Turboprop aircraft offer cost-effective alternatives to light jets. Turboprops generally present similar seating options in generously sized and comfortable cabins relative to their light jet counterparts.
Generally speaking, turboprops maintain a more restricted range capability; still, there are exceptions to that rule and many turboprop aircraft are similar if not better performing machines than some light jets. Where turboprop aircraft more clearly fall short of light jet performance is in the speed category.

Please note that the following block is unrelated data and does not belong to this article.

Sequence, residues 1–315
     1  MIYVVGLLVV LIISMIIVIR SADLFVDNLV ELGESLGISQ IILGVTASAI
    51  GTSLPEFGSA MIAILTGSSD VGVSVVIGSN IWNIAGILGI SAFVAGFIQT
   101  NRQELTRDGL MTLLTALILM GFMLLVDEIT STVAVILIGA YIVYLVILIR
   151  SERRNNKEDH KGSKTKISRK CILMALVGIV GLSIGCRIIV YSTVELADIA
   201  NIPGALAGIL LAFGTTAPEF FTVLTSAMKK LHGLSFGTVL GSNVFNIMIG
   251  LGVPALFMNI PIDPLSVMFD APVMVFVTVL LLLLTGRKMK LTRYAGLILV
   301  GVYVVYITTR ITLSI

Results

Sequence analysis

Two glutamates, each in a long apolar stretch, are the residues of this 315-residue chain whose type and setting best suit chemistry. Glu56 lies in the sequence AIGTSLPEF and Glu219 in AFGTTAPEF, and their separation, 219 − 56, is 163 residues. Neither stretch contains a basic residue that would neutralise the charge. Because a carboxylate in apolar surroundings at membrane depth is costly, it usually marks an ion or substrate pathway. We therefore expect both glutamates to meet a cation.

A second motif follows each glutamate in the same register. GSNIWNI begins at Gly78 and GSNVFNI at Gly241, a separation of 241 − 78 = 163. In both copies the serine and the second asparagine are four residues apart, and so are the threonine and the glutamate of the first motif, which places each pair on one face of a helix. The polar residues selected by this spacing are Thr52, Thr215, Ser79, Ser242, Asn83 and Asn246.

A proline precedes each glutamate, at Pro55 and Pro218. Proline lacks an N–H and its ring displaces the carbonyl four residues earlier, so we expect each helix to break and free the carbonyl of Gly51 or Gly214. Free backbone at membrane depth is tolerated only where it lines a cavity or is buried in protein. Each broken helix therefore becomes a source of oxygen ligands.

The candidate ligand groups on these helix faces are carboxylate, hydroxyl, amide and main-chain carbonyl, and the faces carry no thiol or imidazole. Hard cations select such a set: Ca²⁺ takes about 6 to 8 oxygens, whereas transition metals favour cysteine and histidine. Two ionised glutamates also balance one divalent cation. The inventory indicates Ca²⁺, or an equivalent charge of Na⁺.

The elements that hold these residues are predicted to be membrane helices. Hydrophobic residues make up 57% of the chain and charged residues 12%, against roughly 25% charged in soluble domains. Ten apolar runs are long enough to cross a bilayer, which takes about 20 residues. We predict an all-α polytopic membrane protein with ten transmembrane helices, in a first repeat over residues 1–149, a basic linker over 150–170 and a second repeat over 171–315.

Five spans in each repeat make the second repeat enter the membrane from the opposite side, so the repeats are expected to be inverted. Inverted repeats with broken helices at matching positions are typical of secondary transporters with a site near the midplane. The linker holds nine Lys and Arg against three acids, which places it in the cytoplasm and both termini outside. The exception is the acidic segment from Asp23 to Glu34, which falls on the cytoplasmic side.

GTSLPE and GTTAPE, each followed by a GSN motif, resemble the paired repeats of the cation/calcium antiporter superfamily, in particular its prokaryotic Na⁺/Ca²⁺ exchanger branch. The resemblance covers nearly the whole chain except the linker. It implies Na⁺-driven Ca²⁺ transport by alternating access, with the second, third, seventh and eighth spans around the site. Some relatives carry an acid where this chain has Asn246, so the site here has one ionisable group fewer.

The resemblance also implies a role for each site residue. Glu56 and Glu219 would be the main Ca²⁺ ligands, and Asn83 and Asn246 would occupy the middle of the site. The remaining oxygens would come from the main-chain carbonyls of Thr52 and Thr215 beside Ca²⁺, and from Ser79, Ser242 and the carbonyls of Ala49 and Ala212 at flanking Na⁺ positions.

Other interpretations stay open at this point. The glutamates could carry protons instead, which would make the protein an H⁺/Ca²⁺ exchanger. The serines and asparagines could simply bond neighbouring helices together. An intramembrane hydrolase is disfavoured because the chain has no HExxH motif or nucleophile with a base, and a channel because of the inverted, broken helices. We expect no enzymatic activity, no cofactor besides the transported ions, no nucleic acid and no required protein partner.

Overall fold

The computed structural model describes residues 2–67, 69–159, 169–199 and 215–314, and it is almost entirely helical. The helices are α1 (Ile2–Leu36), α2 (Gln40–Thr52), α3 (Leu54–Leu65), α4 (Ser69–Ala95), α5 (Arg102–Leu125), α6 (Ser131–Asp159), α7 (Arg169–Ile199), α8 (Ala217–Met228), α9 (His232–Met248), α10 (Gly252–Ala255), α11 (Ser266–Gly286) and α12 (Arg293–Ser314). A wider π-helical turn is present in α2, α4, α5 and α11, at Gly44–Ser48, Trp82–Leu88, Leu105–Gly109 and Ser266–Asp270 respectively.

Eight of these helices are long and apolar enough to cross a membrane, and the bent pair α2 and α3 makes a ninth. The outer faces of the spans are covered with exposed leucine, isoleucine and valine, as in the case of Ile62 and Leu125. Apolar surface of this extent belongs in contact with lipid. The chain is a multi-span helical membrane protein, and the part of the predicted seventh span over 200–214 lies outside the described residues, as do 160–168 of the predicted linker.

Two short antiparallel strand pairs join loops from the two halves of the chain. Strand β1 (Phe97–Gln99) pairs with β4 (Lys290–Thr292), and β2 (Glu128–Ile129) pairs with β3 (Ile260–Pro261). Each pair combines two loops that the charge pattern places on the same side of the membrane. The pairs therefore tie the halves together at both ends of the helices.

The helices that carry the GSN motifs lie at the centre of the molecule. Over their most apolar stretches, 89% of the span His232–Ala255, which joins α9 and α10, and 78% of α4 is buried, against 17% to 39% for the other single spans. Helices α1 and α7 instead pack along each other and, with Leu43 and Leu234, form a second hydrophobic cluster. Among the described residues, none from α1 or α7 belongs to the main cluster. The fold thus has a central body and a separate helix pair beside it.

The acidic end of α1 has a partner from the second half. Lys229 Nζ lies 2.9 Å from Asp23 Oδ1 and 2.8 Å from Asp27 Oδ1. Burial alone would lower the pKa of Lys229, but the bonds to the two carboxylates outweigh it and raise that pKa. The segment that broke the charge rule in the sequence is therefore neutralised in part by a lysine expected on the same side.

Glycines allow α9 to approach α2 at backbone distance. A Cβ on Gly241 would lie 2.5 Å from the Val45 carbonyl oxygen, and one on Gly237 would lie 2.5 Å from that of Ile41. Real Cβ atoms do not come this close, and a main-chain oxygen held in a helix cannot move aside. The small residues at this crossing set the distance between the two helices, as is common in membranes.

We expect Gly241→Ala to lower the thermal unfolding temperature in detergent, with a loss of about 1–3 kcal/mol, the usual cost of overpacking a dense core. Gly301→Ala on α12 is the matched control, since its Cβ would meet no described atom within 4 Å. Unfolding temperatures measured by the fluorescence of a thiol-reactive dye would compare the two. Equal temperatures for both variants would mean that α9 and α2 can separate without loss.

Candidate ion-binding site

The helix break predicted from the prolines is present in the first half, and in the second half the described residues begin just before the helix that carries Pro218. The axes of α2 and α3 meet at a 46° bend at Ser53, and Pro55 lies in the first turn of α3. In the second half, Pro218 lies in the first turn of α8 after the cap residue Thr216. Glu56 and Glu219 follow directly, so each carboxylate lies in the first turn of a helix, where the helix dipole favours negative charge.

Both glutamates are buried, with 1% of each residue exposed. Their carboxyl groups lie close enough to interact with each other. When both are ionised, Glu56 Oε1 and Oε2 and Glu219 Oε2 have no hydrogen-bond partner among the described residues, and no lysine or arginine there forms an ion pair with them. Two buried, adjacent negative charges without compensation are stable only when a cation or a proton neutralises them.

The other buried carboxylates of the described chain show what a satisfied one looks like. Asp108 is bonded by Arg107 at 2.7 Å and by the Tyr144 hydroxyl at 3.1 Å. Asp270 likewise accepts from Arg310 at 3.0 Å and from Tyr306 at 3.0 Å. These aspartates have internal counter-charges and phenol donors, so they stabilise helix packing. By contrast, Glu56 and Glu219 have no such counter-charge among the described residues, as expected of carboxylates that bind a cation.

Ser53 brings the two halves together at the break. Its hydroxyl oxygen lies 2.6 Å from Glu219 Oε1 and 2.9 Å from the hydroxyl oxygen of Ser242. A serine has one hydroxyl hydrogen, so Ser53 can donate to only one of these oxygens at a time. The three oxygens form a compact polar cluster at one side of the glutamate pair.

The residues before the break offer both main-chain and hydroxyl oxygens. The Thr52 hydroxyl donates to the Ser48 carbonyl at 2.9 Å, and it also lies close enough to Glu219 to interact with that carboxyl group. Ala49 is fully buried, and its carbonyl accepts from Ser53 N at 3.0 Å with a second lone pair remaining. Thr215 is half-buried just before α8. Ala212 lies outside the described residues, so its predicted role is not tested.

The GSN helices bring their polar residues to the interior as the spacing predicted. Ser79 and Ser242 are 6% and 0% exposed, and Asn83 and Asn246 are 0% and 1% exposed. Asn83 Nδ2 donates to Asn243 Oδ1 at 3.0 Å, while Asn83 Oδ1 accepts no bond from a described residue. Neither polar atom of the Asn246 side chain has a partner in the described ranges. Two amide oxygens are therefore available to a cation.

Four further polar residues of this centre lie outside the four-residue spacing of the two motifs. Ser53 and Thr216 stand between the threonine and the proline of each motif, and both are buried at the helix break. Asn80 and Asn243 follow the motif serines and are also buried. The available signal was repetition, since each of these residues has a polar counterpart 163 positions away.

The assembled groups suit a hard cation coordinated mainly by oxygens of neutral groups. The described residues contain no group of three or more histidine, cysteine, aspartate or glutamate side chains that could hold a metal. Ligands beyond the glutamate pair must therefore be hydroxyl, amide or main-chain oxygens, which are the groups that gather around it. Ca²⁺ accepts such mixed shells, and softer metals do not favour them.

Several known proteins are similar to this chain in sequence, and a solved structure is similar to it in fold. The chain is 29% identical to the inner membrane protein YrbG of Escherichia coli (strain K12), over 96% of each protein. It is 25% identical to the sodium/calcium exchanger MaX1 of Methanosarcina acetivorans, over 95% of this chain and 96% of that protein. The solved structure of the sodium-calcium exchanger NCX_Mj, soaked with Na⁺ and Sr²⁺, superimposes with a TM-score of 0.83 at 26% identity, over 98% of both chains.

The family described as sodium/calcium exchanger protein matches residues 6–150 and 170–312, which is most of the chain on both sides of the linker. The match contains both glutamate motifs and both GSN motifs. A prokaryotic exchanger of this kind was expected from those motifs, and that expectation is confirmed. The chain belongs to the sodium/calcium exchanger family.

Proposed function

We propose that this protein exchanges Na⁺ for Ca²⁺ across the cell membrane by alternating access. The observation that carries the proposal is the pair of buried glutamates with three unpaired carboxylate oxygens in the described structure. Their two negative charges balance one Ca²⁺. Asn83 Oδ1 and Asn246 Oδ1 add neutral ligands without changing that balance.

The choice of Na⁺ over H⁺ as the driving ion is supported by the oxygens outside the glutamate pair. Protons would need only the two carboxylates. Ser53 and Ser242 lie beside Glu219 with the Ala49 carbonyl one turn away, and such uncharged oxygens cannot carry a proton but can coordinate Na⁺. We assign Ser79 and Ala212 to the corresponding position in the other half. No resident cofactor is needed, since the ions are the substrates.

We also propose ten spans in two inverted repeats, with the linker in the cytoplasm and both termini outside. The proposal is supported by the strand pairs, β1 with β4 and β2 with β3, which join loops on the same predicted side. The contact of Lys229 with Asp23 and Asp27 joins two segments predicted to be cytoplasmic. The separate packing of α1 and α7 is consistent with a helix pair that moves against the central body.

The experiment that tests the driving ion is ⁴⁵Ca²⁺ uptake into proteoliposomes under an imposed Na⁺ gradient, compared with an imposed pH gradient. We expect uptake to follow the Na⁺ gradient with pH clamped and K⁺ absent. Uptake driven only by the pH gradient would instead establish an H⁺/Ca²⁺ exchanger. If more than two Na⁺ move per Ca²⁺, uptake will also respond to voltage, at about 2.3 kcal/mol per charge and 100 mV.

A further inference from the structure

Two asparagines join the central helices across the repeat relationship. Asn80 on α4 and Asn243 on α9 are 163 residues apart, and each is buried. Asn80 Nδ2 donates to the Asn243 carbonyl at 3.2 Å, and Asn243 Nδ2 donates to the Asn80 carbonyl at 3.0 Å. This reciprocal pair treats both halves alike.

Popular turboprop airplanes include the Beechcraft King Air 200, Piaggio Avanti P.180, and the Piper Cheyenne. Turboprops are best for shorter range flights, sometimes resulting in less expensive executive travel as compared to commercial airlines (assuming all seats are filled, of course).
Amenities vary per airplane. For example, some older aircraft may be configured with front-facing, commercial airline style seating, while most newer and some refurbished turboprops sport brand new, beautiful executive interiors.
Turboprop airplanes generally seat 6-8 passengers, and can travel distances ranging from 800 to as many as 1,500 miles without a fuel stop depending on the aircraft model. Turboprop airplanes are generally pressurized, giving them the ability to fly at a higher altitude than unpressurized aircraft.
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